How To Run Without Sprinting
A key ingredient that has helped us move away from sprint planning on my team at TextNow is quarterly planning. Each quarter the organization sets out goals for itself using an OKR (https://en.wikipedia.org/wiki/OKR) system. Before the start of a quarter each team lists out their of objectives and high level projects they’d like to tackle to help us move towards those objectives. There are two important components to this process.
- Planning: Every team member is involved in the planning process. This allows for everyone on the team to voice their opinion and shape the road map, which consequentially makes it much easier for them to buy into the team’s mission for the quarter.
- Roadmap Creation: As we plan, we lay out a roadmap of projects to tackle over the entirety of the quarter. Our roadmap creation allows us to be strategic about the next products and features we will build based on insights and objectives we’ve laid out during our planning sessions.
With our trusty roadmap in hand (metaphorically of course) we set out to start developing each project. This is generally a simple process of assigning project leaders to each project, and ensuring we have the appropriate resources available to contribute to each project. Without the regular rituals of an Agile/Scrum team we introduce a few new ones to compensate.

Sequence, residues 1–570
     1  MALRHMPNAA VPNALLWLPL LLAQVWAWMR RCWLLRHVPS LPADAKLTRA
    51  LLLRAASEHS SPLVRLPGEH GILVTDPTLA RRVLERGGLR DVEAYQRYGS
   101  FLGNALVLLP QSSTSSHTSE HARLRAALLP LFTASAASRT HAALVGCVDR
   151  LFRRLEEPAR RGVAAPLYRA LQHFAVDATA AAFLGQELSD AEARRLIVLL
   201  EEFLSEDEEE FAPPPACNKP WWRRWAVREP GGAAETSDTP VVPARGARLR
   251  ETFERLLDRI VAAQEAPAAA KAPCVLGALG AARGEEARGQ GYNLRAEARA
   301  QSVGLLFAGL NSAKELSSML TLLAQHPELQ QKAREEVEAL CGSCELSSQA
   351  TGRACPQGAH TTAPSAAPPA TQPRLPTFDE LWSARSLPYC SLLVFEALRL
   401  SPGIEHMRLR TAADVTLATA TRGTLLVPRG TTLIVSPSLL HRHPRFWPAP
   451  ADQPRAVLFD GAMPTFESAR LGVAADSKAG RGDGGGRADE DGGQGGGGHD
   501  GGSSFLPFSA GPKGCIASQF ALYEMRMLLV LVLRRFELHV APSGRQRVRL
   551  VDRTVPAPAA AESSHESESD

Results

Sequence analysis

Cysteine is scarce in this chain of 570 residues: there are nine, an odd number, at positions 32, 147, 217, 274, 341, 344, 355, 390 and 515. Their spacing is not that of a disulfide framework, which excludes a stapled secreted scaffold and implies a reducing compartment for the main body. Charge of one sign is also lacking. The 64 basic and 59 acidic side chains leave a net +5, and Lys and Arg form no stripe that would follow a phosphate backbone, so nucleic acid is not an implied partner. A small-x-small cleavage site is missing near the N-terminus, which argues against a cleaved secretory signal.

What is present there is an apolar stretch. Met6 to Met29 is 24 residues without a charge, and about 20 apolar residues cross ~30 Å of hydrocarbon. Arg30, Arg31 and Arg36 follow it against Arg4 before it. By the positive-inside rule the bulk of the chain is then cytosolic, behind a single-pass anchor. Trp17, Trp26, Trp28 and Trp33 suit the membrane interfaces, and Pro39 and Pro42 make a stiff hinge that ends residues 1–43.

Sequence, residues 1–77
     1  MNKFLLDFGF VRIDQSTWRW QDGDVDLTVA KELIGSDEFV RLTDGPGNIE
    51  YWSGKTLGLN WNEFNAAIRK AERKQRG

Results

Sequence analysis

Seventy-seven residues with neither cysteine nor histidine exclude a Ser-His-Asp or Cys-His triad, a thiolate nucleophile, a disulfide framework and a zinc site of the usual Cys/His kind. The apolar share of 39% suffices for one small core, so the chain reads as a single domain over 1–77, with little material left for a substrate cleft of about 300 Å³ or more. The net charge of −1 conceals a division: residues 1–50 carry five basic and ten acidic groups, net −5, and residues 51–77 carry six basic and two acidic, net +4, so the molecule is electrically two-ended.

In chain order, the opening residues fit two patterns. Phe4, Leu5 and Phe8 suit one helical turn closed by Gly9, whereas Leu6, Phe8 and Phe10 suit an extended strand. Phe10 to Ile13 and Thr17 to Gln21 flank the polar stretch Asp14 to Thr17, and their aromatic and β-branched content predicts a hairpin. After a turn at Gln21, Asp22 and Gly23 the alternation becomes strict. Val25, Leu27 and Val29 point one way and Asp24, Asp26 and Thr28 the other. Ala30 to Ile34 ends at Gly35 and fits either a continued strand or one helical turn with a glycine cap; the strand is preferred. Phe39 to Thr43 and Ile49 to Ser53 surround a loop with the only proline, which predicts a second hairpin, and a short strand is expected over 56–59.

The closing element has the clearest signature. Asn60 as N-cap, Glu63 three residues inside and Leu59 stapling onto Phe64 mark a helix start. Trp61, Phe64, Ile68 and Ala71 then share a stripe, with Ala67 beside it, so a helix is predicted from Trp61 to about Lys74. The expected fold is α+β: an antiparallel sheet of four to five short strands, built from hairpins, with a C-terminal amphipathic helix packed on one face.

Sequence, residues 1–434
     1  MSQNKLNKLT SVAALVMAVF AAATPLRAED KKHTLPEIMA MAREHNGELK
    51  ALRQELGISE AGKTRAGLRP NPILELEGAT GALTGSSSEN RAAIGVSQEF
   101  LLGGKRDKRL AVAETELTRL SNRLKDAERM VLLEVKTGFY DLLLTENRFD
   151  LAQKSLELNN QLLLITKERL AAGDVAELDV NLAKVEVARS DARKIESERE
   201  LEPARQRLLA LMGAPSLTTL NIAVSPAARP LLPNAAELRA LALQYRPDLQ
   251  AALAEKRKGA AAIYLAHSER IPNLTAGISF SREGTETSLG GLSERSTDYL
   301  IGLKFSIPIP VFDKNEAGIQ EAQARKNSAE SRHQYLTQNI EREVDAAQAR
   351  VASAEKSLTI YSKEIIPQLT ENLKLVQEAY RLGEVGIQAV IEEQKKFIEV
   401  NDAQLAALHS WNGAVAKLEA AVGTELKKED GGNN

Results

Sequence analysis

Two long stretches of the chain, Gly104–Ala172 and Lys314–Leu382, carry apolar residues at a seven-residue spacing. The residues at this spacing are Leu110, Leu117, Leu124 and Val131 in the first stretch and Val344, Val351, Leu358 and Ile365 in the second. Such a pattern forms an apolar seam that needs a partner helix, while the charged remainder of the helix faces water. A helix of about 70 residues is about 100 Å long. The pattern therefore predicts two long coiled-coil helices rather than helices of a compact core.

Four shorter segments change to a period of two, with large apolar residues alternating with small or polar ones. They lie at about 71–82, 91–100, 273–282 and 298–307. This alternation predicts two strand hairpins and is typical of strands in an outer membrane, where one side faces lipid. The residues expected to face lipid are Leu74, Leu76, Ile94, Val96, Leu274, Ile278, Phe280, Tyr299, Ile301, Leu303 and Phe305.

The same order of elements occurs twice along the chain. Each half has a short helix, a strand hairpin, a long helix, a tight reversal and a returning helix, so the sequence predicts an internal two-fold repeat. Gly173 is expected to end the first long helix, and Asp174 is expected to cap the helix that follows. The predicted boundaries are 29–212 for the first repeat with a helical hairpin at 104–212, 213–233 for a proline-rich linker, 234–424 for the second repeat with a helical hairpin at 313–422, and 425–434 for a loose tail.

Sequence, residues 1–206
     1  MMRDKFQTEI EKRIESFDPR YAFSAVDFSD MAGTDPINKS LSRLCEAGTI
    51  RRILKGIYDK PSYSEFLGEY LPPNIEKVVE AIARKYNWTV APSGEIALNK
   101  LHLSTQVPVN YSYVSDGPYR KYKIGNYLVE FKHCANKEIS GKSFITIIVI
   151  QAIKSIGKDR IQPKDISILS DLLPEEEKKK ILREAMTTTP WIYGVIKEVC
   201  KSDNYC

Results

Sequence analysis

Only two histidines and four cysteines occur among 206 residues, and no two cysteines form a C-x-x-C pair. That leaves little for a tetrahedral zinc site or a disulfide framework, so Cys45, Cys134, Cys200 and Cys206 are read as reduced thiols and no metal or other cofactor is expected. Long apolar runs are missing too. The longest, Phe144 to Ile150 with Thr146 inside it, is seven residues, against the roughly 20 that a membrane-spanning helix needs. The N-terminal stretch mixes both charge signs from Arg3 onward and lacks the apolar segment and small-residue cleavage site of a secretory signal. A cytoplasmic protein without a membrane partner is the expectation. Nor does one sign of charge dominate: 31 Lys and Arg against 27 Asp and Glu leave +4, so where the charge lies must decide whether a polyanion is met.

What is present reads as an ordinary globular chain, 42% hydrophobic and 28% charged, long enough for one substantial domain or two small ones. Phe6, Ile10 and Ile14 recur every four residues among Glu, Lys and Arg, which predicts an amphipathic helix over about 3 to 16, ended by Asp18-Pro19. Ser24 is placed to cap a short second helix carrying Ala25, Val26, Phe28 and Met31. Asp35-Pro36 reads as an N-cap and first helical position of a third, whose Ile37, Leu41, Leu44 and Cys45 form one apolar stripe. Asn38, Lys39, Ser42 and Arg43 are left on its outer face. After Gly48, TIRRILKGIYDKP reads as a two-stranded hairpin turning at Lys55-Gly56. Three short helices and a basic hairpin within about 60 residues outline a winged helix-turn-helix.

- Weekly sync ups: Each Monday our team will gather around a white board that lords over our work area. On this board we have each project plotted out, and simply track high level progress against it. We’ll call out rough high level goals and strive to complete those before the following Monday.
- Demos: A favourite ritual among developers is demoing what they’ve built. At TextNow we take this beyond the scope of one team and hold a bi-weekly demo day open to the entire organization. This time offers the developers the time to show off the cool things they’ve built, as well as give everyone in the company a sneak preview of the great things coming to our product before they hit production and become available to customers.